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Local veterans join fight for benefits and medals for Fort Hood victims

By Lacy Hilliard
Recently, details surrounding Specialist Frederick Greene’s actions during the Fort Hood massacre have begun to surface. Last week, The Tomahawk reported that the wounds SPC Greene suffered during the attack has led investigators to believe that Greene attempted to apprehend Nidal Hasan as he took the lives of 13 people on November 5, 2009. Greene succumbed to his wounds, but died a hero in the eyes of his countrymen and hometown.
For those that knew SPC Greene personally, this revelation came as no surprise. A Mountain City native, those that knew Greene personally speak highly of his character and his natural kindness toward his fellow man. However, what has come as a surprise to many is the fact that under current military law, Greene’s family is not entitled to any benefits that they would typically receive had Greene been killed in a designated combat zone. Because the Fort Hood attack did not occur in a designated military combat zone, Specialist Greene is also not entitled to any posthumous medals of honor or official recognitions of his reported bravery.
Specialist Greene’s lack of eligibility for Military Death Benefits has inspired several local veterans to turn lobbyist in order to garner support for not just the family of SPC Greene, but the families of all those killed in the Fort Hood attack. Thirty year retired Air Force veteran and leader of the Johnson County Honor Guard, Dick Dion is one local veteran attempting to right what he feels is an injustice to those killed at Fort Hood. Dion said of the attempt to rally lawmakers to alter current Military Death Benefit policy, “This is not a political issue. It’s about seeing that our military personnel and their families are treated with respect. There’s no difference in what Fred Greene did in trying to quell the violence, without a weapon, than what soldiers do every day in a combat zone in Afghanistan.”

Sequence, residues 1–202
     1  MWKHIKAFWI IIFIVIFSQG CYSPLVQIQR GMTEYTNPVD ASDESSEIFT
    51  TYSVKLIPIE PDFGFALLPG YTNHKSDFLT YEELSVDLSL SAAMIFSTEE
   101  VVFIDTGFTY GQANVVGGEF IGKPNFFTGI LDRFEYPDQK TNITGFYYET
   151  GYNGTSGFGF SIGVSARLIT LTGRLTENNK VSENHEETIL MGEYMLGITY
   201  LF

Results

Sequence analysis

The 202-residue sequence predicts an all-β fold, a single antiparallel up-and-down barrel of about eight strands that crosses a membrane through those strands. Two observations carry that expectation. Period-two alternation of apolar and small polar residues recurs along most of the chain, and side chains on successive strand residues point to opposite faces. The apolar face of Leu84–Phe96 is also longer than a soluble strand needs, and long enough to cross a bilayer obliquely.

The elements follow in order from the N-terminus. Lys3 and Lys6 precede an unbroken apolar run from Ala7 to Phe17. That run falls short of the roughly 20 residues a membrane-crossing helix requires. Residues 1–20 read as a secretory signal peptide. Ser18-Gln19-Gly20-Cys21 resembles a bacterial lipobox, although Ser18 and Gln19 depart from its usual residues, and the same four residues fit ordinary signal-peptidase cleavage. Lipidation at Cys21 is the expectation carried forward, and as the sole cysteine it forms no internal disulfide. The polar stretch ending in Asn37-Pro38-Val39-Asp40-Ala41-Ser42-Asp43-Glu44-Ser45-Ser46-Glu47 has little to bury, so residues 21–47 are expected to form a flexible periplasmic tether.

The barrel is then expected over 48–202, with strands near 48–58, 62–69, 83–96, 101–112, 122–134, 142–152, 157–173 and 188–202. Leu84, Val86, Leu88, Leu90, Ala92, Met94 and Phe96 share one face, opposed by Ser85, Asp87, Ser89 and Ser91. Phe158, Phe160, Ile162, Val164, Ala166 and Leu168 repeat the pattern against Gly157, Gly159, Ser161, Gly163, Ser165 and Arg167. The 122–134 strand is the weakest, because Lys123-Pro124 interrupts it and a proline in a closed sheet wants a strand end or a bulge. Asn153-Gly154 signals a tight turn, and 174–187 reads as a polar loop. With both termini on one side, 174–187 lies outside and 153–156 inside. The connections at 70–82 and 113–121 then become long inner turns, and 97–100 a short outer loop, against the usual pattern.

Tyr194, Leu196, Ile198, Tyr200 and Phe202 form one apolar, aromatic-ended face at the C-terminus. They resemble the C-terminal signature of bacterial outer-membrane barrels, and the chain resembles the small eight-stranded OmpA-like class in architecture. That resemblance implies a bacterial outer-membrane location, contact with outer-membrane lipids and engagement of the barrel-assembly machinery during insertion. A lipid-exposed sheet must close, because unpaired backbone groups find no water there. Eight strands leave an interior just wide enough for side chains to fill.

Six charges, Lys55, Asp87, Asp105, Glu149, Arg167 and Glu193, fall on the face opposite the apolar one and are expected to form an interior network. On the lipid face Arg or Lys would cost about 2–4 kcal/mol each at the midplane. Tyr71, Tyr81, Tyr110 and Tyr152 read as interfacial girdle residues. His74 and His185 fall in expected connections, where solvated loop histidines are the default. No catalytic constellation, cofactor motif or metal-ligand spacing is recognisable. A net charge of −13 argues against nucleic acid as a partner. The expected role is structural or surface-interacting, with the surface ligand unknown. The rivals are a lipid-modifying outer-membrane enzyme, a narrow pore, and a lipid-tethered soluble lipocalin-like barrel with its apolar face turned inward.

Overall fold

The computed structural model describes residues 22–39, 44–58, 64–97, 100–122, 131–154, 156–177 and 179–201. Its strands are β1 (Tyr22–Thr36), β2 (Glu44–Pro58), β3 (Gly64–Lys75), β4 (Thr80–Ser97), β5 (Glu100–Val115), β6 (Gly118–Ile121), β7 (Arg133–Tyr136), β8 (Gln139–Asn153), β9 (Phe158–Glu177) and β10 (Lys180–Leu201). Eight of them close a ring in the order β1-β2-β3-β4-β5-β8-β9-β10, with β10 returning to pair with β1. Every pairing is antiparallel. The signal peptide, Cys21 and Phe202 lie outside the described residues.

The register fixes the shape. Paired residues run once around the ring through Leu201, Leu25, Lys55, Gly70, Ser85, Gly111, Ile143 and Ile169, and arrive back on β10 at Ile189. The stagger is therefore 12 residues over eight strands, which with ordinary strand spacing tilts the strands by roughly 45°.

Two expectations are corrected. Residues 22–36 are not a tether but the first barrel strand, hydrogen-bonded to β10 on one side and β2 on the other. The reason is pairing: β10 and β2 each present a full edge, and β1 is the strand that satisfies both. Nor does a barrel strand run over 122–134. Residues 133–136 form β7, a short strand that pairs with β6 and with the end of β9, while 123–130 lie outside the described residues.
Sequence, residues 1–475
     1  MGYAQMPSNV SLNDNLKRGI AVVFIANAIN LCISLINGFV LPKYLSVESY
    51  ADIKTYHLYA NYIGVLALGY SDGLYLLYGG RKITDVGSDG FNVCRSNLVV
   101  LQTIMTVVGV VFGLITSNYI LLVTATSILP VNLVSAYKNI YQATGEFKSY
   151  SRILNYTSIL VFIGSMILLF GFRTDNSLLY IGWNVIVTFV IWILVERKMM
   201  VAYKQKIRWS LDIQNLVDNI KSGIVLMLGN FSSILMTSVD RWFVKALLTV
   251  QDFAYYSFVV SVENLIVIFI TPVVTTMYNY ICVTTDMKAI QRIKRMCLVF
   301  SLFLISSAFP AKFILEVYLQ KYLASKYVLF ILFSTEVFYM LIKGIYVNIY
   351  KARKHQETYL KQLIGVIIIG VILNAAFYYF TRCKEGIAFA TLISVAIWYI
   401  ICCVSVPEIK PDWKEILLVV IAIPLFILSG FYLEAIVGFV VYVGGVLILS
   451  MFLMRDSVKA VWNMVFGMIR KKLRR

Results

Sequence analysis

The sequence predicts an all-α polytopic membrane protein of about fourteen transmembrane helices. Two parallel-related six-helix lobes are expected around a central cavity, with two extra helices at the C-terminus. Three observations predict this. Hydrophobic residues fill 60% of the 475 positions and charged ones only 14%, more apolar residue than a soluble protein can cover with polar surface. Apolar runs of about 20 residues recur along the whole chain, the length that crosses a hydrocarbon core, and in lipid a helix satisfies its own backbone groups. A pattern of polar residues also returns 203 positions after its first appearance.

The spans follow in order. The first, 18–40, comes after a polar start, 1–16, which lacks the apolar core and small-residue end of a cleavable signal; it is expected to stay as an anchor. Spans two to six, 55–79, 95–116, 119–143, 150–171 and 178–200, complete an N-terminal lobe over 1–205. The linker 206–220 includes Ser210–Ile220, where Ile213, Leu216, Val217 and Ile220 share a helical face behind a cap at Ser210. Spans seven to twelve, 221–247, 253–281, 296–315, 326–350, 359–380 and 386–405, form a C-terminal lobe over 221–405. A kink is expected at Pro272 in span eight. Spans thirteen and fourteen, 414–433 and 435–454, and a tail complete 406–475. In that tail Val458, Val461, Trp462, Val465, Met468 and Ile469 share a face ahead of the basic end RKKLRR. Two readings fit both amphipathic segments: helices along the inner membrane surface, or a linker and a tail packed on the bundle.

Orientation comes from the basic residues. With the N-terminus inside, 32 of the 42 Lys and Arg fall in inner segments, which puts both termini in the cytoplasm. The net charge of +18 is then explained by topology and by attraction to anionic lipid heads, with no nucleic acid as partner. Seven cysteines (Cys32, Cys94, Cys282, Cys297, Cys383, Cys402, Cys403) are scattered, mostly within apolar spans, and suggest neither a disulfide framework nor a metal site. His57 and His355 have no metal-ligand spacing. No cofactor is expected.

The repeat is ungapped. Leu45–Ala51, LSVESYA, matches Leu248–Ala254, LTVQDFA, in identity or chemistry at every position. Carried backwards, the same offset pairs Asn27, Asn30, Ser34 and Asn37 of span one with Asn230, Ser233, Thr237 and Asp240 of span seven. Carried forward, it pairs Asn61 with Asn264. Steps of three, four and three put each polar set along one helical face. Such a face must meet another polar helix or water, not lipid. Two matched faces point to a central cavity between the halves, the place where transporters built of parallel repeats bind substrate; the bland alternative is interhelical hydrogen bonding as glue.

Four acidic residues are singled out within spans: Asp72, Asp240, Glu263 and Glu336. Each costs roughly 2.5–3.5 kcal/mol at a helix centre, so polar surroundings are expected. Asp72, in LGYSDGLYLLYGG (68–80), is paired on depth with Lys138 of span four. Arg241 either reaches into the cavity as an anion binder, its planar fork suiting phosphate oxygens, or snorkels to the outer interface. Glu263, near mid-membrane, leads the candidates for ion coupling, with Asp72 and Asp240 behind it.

Congressman Phil Roe was contacted for comment about this story and he offered the following quote. “Freddie Greene was a true American patriot that gave his life for his country. His sacrifice is no smaller than the men and women who died in combat, which is why I support Representative John Carter’s bill, the Fort Hood Victims and Families Benefits Protection Act. The bill would ensure any member of the military killed or wounded in the Fort Hood attack would receive the same treatment as the military victims of the September 11th terrorist attacks. These soldiers and their families have made a huge sacrifice for this country, and this bill would ensure they receive the maximum level of benefits available, identical to those killed in combat zones. This bill would also allow for posthumous service medals to be awarded for bravery and heroism in the line of duty.”
The Fort Hood Victims and Families Benefits Protection Act states that “(1) any member of the Armed Forces who was killed or wounded in the attack at Fort Hood, Texas, on November 5, 2009, and the family members of those victims, should receive the same treatment and benefits as the victims and families of the September 11, 2001, terrorist attacks on the United States; and (2) such members and families have made tremendous sacrifices, and the United States should provide them with the maximum level of benefits available, identical to that available to those killed or wounded in an overseas combat zone such as Iraq or Afghanistan.” Though Congressman Roe has expressed his support for the bill, which was introduced on March 6, 2013, it has yet to even make it past the house.
Johnson County residents and veterans like Dick Dion, Robert Hensley and Ralph Hutto, are committed to this cause and plan to continue to do what they can to ensure that the Fort Hood Victims and Families Benefits Protection Act is signed into law. For residents that stand on the side of Specialist Greene in this fight, Dion suggests writing your Congressman and speaking to local representatives like Timothy Hill and Lt. Governor Ramsey.
Specialist Greene will be honored and remembered locally on Thursday, August 29 as the Town of Mountain City dedicates the bridge at the corner of Highway 421 and Highway 67 to his name.